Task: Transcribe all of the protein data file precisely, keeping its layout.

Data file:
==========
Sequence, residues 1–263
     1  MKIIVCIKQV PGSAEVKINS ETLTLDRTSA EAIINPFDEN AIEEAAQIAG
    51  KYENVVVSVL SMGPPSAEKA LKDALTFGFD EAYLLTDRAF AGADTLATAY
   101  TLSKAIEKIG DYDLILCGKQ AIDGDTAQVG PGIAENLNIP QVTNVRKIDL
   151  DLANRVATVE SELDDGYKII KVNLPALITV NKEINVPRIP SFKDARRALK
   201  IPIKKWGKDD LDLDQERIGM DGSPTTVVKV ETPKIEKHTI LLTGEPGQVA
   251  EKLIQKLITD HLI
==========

Sequence, residues 1–263
     1  MKIIVCIKQV PGSAEVKINS ETLTLDRTSA EAIINPFDEN AIEEAAQIAG
    51  KYENVVVSVL SMGPPSAEKA LKDALTFGFD EAYLLTDRAF AGADTLATAY
   101  TLSKAIEKIG DYDLILCGKQ AIDGDTAQVG PGIAENLNIP QVTNVRKIDL
   151  DLANRVATVE SELDDGYKII KVNLPALITV NKEINVPRIP SFKDARRALK
   201  IPIKKWGKDD LDLDQERIGM DGSPTTVVKV ETPKIEKHTI LLTGEPGQVA
   251  EKLIQKLITD HLI